What tuning features are available for TCP/IP? We have been using NetBEUI for very large, deep directory searches with very good access times. When we change the default protocol to TCP/IP, the search times increase very noticeably. We know NetBEUI is going away and we need to be able to tune TCP/IP for faster file access. Thanks. First of all, the performance degradation might be the result of running TCP/IP and NetBEUI simultaneously,...
as you're effectively doubling all traffic that goes out across the wire. Having said that, there are a number of tuning options for TCP/IP under Windows 2000. Refer to this TechNet white paper, which goes into it in exhaustive detail. A few snippets include changing the TCP window size and scaling parameters options. The default settings are suitable for small 10 Mbps LANs or Internet access where the smallest bottleneck is no more than 2 Mbps. However, for larger throughput: 10 or 100 Mbps, the default parameters might be too conservative and throughput may suffer.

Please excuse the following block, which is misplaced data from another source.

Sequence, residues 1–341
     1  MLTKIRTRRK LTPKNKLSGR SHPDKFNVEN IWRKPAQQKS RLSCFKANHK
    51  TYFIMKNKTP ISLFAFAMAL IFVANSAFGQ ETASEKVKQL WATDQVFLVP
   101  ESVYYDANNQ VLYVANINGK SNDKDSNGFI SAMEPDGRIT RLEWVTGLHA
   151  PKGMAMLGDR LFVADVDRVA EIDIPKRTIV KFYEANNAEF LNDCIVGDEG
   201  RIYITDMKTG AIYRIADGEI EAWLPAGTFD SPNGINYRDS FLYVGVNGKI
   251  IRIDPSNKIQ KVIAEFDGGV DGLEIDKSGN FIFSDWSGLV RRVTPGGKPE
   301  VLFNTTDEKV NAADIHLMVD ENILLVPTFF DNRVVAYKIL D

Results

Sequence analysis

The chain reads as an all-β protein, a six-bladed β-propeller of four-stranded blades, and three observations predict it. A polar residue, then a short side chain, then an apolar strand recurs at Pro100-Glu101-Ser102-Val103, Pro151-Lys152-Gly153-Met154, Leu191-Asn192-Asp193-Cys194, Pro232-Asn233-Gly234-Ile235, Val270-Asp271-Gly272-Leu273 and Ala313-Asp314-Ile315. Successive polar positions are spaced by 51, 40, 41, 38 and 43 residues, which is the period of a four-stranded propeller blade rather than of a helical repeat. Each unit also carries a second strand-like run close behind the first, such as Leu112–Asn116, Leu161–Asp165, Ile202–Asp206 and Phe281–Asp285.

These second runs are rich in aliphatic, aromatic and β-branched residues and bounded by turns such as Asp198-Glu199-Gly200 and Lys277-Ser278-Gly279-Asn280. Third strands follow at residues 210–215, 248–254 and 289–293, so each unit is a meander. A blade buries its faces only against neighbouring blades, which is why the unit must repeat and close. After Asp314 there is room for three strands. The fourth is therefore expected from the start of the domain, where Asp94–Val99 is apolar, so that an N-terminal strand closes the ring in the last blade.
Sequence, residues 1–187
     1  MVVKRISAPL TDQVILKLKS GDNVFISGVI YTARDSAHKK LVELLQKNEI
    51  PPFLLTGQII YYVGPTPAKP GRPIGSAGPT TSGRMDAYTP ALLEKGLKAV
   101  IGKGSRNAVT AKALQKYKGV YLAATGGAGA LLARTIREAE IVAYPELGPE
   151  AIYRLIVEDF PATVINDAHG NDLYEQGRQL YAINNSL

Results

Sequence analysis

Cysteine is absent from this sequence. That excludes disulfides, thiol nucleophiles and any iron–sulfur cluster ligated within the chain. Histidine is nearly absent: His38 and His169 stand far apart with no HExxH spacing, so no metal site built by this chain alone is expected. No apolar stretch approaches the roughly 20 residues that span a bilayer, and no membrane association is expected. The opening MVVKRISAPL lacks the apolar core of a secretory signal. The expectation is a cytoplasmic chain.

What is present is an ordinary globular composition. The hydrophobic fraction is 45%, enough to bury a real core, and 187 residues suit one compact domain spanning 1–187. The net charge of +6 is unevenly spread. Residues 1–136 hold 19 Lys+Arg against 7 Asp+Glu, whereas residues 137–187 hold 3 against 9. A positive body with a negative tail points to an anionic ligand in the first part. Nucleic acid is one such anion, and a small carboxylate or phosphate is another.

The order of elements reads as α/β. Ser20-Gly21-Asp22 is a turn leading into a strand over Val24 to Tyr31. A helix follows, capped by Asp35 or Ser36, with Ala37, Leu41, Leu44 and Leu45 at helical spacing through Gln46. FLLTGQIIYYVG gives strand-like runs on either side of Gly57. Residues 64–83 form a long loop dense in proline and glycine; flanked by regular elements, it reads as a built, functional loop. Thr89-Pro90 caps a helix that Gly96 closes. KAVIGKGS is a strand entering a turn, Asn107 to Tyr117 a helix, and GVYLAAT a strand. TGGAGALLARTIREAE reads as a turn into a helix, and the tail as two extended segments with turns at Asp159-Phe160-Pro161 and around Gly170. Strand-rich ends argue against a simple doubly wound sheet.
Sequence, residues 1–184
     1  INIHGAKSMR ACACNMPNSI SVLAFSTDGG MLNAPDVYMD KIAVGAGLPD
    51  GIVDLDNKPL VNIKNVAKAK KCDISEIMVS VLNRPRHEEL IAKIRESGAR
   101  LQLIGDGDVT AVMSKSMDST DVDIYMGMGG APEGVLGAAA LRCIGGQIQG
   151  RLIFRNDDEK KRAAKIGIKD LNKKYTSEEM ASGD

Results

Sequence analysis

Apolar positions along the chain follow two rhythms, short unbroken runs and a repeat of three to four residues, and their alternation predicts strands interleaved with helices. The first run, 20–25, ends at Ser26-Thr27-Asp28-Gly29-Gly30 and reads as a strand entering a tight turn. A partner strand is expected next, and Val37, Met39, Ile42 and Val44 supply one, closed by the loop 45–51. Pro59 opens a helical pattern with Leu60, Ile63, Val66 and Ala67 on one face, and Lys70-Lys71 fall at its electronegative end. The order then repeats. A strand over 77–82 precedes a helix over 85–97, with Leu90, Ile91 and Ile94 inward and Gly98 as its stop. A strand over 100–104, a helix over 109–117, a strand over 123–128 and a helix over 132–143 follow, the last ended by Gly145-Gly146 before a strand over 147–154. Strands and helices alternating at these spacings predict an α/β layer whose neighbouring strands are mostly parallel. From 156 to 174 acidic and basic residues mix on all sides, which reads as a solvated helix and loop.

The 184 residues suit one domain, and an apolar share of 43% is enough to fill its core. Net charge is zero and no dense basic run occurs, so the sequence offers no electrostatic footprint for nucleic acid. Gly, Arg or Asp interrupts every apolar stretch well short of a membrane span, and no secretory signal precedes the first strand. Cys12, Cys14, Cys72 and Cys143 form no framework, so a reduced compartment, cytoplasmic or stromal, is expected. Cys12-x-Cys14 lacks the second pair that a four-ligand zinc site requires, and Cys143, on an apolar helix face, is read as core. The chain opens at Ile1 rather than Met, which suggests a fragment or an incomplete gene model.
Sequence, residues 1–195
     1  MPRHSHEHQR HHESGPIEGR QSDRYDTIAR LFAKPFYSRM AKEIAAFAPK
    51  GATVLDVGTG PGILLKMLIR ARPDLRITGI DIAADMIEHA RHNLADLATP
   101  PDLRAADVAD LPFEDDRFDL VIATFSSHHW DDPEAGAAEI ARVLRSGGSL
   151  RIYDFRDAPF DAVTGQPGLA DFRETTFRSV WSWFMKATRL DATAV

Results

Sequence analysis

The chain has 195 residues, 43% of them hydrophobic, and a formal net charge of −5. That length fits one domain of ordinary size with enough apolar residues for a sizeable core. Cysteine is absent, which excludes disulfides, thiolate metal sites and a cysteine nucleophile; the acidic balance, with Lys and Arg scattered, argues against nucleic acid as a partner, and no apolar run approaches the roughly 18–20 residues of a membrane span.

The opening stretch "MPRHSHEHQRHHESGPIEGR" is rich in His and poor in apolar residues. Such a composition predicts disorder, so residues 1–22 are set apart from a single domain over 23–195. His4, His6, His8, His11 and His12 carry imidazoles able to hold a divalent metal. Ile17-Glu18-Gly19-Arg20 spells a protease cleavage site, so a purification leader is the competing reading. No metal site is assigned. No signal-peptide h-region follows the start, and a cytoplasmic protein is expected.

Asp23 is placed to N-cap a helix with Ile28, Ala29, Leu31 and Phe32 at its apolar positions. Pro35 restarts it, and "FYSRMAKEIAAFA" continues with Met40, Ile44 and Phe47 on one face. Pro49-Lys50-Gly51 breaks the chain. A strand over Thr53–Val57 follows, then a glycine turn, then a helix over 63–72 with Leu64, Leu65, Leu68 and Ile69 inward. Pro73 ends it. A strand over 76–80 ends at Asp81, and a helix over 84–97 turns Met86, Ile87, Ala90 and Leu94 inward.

The registry parameters to change the TCP window size and to enable the TCP scaling windows and timestamps options (RFC 1323) are as follows. (All usual disclaimers regarding editing the registry and changing system settings apply.)
These apply only to Windows 2000, as far as I can tell. There are analogous parameters for the window size for Windows NT/98/95, but the syntax might differ.
Dig deeper on Microsoft Windows 2000 Server Administration
Related Q&A from Laura E. Hunter
Active Directory expert Laura E. Hunter offers some advice for changing the IP addresses of domain controllers.continue reading
An admin needs to grant user access rights for those needing to traverse directory trees. Our server management expert explains how to use Group ...continue reading
An admin has two domains and two Active Directories. He wants to know how to join the Active Directories so that internal staff can access both, but ...continue reading
Have a question for an expert?
Please add a title for your question
Get answers from a TechTarget expert on whatever's puzzling you.